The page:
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Idea#114

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Preserving Historic Buildings »

Condos - nono

I disagree about the condos thing. While it might help folks MOVE there (those that can afford it), it won't help the downtown area become more pedestrian unless there's something to go TO. Right now, and handful of smoky bars and old hardware stores is not a *draw* for downtown. I recommend freeing up some space for shops, retail and otherwise, and restaurants.

Most of the restaurants there are pretty pricey and the bars don't open til late anyhow. Can we please get some different flavor other than the same chef having 4 different restaurants in walking distance of one another with similar menus? And none of them are really ethnic or highly different...

If someone with a few bucks was smart, they'd parcel out the old Heritage club and lease 5 different businesses/bars/etc on that street level to have more to actually make DT a destination for something other than just night life...

Submitted by oconnef 1 year ago

Comments (6)

  1. You read my mind! Great and insightful comments.

    1 year ago
  2. There are several (a lot) of empty histroic buildings downtown that appear to not be producing income for their owners. If space in these were made available at a subsidized cost to 501-3C organizations there would be some income and may be a substantial tax advantage to the owners.

    1 year ago
  3. I respectfully disagree. Chicago, though a large city, is the example of what happens when people live downtown. I remember in the 70s, walking through downtown Chicago with some nervousness because of the closed office buildings and deserted streets. That all changed when the city began converting the warehouses and office buildings downtown into living spaces. Suddenly, people needed grocery stores and restaurants downtown. They walked the streets for exercise or to window-shop and cared more about security. The only way to develop downtown Huntsville is to have people present 24-7, relying on the services that others are willing to drive some distance to experience. Go to any city the size of Huntsville, larger or smaller, that is successfully re-making its downtown and you will find an explosion of condos and apartments. Multiplying living spaces results in demands for more and better services.

    1 year ago
  4. Moderator

    I think y'all have hit on the 'chicken and egg' nature of downtown redevelopment (in any city, on a variety of scales). In practice, it seems it requires a simultaneous approach to both. Usually some small seed of residential or commercial that attracts a complement of the other; then (if successful) they begin to accrue more of each. Some expanded residential offerings, some more diverse commercial uses, and critical mass builds.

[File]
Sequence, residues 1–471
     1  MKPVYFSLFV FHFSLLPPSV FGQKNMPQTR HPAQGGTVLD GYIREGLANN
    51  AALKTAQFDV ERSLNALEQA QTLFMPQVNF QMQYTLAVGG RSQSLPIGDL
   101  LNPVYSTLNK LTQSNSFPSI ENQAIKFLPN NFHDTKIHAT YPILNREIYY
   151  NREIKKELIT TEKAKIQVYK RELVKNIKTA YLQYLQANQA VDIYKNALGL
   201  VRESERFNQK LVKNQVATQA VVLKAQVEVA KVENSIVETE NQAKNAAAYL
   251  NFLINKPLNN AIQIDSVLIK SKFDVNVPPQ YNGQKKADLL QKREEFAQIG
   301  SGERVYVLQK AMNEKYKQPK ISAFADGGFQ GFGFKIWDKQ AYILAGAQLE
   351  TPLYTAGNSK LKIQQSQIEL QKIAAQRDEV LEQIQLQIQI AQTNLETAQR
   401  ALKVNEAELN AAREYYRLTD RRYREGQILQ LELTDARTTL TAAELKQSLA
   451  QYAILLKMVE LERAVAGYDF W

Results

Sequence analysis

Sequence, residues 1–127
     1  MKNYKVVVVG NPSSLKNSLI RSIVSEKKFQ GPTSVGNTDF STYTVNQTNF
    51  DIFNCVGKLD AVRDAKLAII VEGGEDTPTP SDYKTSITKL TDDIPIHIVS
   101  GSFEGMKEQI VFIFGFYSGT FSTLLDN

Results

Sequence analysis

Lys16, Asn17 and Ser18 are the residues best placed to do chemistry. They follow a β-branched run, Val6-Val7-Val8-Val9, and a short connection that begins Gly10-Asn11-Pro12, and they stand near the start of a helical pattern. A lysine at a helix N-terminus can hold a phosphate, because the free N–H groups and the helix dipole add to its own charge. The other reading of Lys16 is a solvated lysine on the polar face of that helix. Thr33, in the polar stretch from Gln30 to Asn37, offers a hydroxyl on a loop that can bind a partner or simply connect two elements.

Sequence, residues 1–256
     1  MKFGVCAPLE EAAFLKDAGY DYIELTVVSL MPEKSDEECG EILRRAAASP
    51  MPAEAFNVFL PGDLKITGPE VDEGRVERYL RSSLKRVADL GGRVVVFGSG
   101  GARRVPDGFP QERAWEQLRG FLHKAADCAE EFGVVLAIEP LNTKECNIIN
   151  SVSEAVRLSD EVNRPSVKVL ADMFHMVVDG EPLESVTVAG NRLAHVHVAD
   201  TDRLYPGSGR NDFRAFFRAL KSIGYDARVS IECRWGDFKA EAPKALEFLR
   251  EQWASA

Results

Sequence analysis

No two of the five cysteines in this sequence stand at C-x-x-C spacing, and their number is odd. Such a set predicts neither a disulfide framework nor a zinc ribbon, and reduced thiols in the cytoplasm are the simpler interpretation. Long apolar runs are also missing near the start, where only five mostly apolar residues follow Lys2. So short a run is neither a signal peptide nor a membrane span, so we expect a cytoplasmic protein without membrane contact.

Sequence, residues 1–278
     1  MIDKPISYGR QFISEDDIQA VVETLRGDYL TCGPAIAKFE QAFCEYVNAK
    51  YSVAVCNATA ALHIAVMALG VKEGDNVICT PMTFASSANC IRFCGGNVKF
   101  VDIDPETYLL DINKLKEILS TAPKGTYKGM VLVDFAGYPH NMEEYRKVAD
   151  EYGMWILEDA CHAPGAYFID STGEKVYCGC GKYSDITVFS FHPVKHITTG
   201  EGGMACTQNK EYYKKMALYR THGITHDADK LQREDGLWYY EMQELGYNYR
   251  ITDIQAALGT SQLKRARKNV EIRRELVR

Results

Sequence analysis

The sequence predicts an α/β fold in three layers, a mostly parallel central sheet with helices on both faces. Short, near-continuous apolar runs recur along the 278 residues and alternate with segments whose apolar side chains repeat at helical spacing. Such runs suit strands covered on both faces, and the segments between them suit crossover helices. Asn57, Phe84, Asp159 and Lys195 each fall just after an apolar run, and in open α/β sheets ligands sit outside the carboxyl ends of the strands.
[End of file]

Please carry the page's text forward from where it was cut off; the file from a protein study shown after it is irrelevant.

Chicago is a great example, but we could even look at one closer by. For those familiar with Atlanta, it's a tale of two centers. Downtown, which is coming on with the growth of Georgia State, but which still struggles to maintain after-hours activity, even with the tourism and conventioneers. Contrast it with Midtown Atlanta, which over the past decade was very aggressive about adding to its residential stock. As a result, the evening and weekend activity has increased on a yearly basis, and it's become arguably the most cosmopolitan part of Atlanta.

    I have to say, I was downtown last Friday, and I had a great time. Started the evening with a slightly late (for a couple of parents of toddlers) dinner at 7:00 - Below the Radar - then went to Sam and Greg's for gelato and Amendment 21 for drinks (and the wives did some dancing upstairs). As we walked the blocks back to our cars, I noted how full all the various establishments were. It made me feel more than a little optimistic about Downtown's future. These things happen slowly, but for Downtown I think it's clearly happening.

    1 year ago
  5. Retail (shops, restaurants, etc) follow rooftops. These are business decisions. Will the company make money after a major investment in a location? Period. Companies decide where they want stores, not government, not developers, not the public wanting them. Stores, restaurants, etc locate where THEY have determined the demographics meet THEIR criteria, number of homes, (density) income, education level, traffic count in a certain radius. If Birmingham doesn't have a Nordstrom's the likely hood of one here is zero. A standard Cheesecake Factory too is unlikely; if they have success with a smaller unit in other places, MAYBE.

    1 year ago
  6. Do we want the homogenization of our area? Or do we want interesting different concepts? Support locally owned establishments that offer unique experiences. These are your neighbors, friends not a faceless corporation

    1 year ago

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  1. The idea was posted
    1 year ago